In a new study published today in JAMA and led by researchers at Brigham and Women’s Hospital, a founding member of the Mass General Brigham healthcare system, scientists analyzed the treatment outcomes of over 300,000 children who were prescribed either of the two drugs. They found that there was no difference in the rates of treatment failure that is, having to go on a new course of antibiotics or seek additional treatment for sinusitis or complications between patients prescribed amoxicillin and amoxicillin-clavulanate. Treatment failure was so rare, in fact, that the study’s authors say that physicians should be confident that either medication will clear a case of acute sinusitis that requires antibiotics. But the risk of adverse events, especially gastrointestinal symptoms and yeast infections, were higher among those prescribed amoxicillin-clavulanate.
“This study adds recent, actionable data and evidence to inform what antibiotic a clinician should choose to treat a child with acute bacterial sinusitis,” said lead author Timothy Savage, MD, MPH, MSc, an associate epidemiologist in the Brigham’s Division of Pharmacoepidemiology and Pharmacoeconomics. “As seen from this study, there’s no difference in the treatment failure rate regardless of which of these two antibiotics you choose.”
Amoxicillin-clavulanate is believed to treat a wider range of bacteria than amoxicillin, but it is also associated with more gastrointestinal side effects. Scientists also worry that in the long-term, overprescribing amoxicillin-clavulanate may accelerate the rate at which infectious bacteria develop antimicrobial resistance. Doctors have therefore wondered whether the benefits of prescribing amoxicillin-clavulanate to children with acute sinusitis outweigh the short- and long-term risks.
The researchers pulled data from 320,141 clinical cases of children diagnosed with acute sinusitis and compared whether children on amoxicillin or amoxicillin-clavulanate were more likely to undergo treatment failure. They discovered that there was no difference in the rates of treatment failures associated with either medication. Treatment failure in general was exceedingly rare; less than two percent of prescriptions failed, most of which were corrected by an outpatient medication change. Only 0.1% of children had failures so severe that they required a visit to the emergency room or hospitalization.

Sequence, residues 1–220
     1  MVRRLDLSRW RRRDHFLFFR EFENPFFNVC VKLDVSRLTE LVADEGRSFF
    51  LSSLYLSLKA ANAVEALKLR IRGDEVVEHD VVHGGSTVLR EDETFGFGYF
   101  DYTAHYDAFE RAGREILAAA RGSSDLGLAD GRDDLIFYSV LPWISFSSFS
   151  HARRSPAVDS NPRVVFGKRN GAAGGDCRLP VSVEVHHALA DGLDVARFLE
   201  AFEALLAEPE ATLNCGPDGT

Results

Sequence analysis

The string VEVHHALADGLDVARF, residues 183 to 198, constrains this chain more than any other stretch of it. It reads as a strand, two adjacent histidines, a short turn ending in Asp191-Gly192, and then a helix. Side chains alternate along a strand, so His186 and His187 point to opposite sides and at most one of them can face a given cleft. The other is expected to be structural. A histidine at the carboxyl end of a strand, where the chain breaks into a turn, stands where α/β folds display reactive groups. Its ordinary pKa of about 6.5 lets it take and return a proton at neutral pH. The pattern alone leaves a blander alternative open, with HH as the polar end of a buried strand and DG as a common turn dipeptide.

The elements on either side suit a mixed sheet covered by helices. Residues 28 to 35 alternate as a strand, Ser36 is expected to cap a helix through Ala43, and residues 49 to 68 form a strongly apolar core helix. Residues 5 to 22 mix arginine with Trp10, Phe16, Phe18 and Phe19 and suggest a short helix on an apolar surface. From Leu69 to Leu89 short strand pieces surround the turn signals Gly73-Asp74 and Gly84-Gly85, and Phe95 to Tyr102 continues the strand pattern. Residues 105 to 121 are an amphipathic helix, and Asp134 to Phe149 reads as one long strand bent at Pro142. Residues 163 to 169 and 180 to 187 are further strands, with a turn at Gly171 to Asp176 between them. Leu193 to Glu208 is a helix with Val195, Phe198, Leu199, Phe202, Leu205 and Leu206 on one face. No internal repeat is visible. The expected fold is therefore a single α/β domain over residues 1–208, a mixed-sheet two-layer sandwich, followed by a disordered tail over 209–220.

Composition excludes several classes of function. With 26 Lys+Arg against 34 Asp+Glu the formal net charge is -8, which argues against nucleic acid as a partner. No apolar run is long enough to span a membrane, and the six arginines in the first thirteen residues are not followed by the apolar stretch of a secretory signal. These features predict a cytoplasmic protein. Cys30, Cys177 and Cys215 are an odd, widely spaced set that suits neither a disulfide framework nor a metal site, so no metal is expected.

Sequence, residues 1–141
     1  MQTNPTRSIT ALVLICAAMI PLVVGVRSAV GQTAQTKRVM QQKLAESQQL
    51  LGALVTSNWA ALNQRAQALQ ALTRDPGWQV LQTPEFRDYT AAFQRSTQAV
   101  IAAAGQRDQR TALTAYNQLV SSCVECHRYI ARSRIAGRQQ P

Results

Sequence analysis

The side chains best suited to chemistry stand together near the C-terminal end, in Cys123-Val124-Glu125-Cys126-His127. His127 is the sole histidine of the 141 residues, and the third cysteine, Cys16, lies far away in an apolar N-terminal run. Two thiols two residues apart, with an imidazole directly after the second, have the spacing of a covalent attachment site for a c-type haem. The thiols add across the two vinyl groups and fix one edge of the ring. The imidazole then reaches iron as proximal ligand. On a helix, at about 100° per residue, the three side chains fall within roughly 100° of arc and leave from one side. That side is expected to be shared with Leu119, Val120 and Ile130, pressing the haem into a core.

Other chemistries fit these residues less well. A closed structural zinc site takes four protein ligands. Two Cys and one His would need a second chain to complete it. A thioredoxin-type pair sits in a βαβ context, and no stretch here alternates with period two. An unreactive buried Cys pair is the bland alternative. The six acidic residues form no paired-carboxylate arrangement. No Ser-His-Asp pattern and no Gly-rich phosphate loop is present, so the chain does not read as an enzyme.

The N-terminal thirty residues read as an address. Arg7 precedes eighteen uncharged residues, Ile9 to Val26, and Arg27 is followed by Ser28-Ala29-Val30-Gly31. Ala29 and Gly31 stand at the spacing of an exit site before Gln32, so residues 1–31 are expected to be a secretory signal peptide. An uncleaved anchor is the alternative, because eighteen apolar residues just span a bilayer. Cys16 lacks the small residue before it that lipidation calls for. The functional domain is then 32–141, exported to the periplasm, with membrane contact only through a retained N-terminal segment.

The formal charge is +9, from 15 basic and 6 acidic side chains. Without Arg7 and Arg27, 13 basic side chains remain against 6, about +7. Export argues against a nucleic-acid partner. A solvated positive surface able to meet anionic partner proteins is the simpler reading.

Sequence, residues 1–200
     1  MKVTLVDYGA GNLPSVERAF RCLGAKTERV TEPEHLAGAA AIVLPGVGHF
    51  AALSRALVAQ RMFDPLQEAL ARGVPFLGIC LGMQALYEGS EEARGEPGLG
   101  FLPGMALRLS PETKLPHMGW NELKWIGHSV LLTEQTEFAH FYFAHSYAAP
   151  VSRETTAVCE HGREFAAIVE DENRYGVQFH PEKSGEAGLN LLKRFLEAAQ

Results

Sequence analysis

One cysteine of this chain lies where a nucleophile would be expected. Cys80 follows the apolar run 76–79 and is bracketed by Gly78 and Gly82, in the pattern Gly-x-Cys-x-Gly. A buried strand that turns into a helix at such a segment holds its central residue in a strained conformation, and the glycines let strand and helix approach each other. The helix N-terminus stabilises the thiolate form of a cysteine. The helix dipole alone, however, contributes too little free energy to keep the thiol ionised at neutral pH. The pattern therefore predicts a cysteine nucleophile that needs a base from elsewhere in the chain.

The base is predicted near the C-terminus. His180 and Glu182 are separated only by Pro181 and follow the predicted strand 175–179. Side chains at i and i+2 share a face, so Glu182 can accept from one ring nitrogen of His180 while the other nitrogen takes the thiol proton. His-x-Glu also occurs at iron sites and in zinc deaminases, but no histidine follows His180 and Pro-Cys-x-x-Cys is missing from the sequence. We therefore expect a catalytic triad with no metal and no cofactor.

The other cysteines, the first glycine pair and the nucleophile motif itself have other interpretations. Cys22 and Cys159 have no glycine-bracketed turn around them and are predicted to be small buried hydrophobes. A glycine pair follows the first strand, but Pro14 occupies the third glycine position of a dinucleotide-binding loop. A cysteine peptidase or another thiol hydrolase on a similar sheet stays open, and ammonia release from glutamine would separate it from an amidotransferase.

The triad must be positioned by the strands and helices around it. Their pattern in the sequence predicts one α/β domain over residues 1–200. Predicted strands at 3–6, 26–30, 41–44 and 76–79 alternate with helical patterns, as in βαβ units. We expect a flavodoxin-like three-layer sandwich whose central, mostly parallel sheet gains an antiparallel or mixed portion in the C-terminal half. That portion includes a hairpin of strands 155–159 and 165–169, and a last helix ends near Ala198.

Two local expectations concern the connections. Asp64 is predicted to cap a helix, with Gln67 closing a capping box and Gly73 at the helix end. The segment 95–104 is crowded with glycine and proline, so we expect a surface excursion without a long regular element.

The clinical data showed that adverse events were somewhat rare but more frequent among patients treated with amoxicillin-clavulanate, occurring in 2.3% of patients treated with amoxicillin-clavulanate and 2% of patients treated with amoxicillin. Patients treated with amoxicillin-clavulanate had a 15% increased risk of gastrointestinal side effects and 33% higher risk of yeast infections compared to patients treated with amoxicillin. The study’s authors conclude that the more narrow-spectrum amoxicillin may be the best first-line choice to combat acute sinusitis.
“Our study shows that there are more adverse events when amoxicillin-clavulanate is used,” Savage said. “Based on these data, physicians should seriously consider prescribing amoxicillin as a first line of defense against acute sinusitis.”
Not all acute sinusitis cases are caused by bacterial infections; a previous study found that viruses may be responsible for up to 32% of instances. Still, because the symptoms of bacterial and viral sinusitis can be nearly indistinguishable, many doctors opt to first treat a patient with antibiotics and monitor whether the infection clears. Around 85% of children that present with acute sinusitis receive an antibiotic, with amoxicillin and amoxicillin-clavulanate accounting for 65% of those prescriptions. The current study did not include microbiologic data and the authors could not discern whether acute sinusitis diagnoses were due to viral or bacterial infections. As this was not a randomized clinical trial, the study authors also acknowledge the possibility that residual bias could have impacted the results, although they re-analyzed the data several different ways to try to mitigate this, with no difference in the results.
Two previous studies that compared clinical outcomes of the two drugs were conducted more than 20 years ago. Those analyses showed that both medications alleviated symptoms at similar rates, but both studies were limited by a combined sample size of under 300 patients. Bacterial species have evolved significantly in the last twenty years, a fact that convinced Savage and his team to launch a new, larger study comparing treatment failure rates of both drugs.
“If a physician is trying to decide between these two drugs, they can look at these results and see that 98% of kids got better regardless of whether they were prescribed amoxicillin or amoxicillin-clavulanate,” Savage said. “The chance that a child will end up in the hospital after using these drugs is less than one in a thousand. That should provide some reassurance that a child is going to do pretty well regardless of the antibiotic.”